Thursday, August 16, 2007
First NY Night Out at Kefi-Upper West Side
New York Magazine's annual Cheap Eats issue arrived right before we left LA, and it's the one magazine that made the move cross country. Some have taken issue with the mag's definition of "cheap", and I'll admit my first sample of the list was not a $3 falafel joint. Instead, J and I headed to Kefi, a Greek meze spot run by Michael Psilakas where our tab for two ran about $50.
Though our single income/grad student budget will ensure we visit the $3 places more frequently, the subterranean Kefi was an excellent value. We feasted on three sizable meze plates, shared a pasta dish, and sipped a glass each of a decent Greek red wine. (Though if you include the white wine that entertained us while we waited for a table, you must add another $13 to the tab).
After two moving days filled with unhealthy beige/brown foods, I needed to start with some summery veggies, and Kefi's tomato, green bean, olive, and manouri cheese salad packed a perfect punch. Dressed with a pungent vinaigrette, the salad disappeared quickly as J had to fight me for his share. Not that he minded much--he was distracted by the crispy cod served over garlicky mashed potatoes, which he compared to a less salty brandade, unmixed. I snuck a few bites of the lemony, moist fish which would have only improved if I'd eaten it on the shore of some Greek island.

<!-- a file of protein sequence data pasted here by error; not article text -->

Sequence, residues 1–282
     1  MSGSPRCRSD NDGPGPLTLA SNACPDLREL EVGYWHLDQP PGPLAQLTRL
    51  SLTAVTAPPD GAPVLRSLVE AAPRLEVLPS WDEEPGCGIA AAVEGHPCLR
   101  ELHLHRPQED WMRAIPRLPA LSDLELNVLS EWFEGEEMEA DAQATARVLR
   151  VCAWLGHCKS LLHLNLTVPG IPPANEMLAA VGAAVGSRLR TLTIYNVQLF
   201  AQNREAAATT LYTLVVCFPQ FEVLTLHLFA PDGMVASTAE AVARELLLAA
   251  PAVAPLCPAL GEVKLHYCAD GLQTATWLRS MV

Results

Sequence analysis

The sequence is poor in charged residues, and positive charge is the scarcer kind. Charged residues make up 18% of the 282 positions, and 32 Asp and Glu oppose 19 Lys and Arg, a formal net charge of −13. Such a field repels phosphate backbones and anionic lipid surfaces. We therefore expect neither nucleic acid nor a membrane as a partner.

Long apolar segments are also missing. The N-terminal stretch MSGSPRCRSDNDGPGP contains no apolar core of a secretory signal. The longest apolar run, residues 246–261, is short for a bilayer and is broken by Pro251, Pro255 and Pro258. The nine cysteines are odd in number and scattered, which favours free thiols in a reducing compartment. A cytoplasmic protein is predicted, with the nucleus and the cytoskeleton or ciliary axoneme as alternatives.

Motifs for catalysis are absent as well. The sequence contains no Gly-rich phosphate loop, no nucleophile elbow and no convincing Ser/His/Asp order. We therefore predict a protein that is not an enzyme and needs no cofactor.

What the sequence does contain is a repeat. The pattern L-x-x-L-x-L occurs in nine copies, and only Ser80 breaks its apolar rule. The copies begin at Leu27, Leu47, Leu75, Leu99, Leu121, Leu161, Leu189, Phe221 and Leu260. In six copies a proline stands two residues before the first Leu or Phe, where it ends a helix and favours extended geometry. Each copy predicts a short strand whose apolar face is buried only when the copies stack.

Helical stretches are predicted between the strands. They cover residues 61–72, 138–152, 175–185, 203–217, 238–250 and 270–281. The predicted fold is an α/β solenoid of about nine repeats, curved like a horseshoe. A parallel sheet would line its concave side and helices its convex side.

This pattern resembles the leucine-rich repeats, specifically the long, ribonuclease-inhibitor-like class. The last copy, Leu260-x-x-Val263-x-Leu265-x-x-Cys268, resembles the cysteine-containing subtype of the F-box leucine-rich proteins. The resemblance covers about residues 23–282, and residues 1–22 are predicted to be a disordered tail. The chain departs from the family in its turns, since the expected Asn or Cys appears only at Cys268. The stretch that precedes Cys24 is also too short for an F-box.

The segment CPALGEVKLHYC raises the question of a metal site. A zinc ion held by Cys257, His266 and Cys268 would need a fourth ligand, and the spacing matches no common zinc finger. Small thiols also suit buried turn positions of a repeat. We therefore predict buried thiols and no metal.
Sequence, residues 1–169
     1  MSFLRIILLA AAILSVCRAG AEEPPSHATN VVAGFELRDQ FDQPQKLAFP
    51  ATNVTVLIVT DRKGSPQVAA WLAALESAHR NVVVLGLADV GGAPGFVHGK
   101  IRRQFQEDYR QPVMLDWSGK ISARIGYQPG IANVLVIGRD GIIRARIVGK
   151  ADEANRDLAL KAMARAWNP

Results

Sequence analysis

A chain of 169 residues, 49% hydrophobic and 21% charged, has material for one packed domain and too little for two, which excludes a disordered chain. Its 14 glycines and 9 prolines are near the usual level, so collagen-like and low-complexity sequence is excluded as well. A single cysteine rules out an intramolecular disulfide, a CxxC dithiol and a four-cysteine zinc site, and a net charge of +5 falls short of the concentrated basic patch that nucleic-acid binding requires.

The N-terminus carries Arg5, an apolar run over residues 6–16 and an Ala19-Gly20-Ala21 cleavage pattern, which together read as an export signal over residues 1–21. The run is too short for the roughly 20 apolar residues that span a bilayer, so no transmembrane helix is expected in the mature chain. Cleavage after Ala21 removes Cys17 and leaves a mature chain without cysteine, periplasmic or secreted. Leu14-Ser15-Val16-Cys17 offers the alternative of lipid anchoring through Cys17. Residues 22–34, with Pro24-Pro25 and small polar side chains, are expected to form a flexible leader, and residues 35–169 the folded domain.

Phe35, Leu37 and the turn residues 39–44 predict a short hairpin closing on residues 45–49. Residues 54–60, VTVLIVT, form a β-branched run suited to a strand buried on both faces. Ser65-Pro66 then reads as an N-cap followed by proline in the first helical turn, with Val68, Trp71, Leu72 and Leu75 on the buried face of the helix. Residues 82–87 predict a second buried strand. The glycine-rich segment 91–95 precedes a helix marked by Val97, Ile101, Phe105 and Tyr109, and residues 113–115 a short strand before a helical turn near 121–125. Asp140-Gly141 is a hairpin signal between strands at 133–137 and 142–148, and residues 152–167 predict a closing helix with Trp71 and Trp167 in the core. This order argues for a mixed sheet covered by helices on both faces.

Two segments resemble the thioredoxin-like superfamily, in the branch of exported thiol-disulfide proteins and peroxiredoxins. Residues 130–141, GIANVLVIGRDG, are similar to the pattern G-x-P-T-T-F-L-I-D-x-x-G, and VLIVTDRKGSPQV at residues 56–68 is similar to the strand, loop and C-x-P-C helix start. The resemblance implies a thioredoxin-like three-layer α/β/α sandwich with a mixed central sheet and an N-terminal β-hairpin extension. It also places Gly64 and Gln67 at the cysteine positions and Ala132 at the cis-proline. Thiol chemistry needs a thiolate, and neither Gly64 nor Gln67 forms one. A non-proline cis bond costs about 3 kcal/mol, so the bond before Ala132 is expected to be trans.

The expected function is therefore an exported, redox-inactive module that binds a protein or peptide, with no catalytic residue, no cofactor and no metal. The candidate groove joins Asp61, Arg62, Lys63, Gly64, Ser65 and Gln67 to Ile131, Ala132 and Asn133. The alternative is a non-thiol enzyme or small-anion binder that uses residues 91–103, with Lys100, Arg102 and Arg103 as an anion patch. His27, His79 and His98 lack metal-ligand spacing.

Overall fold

Our second round was perhaps more suited for winter, but delicious nonetheless and the air-conditioned, windowless room helped us ignore the summer weather. We shared one more meze and my favorite dish--fluffy sheep's milk dumplings with spicy lamb sausage. With every bite I marveled over the sausage--sweet at first taste, then the spice hits you, with a hint of cinnamon. At this point I was fairly full, but still managed to enjoy our final dish of flat pasta, braised rabbit and graviera cheese. Topped with crispy shallots, this hearty dish was pleasantly gamey and rustic, and as we lingered over our wine, we polished it off.
The menu continues on to a list of main dishes, with a heavy dose of seafood, including a lovely-sounding pan fried striped bass and a grilled branzino. These courses top out at $16, while the meze, which easily provide 3-4 people substantial bites, range from $6-10. There are also plenty of Greek wines by the glass for only $6.
We didn't have a reservation and waited about 10 minutes at 9ish on a Wednesday night. The front bar area is quite cramped, but a decent place to sip some wine while you wait.
222 West 79th Street
between Broadway and Amsterdam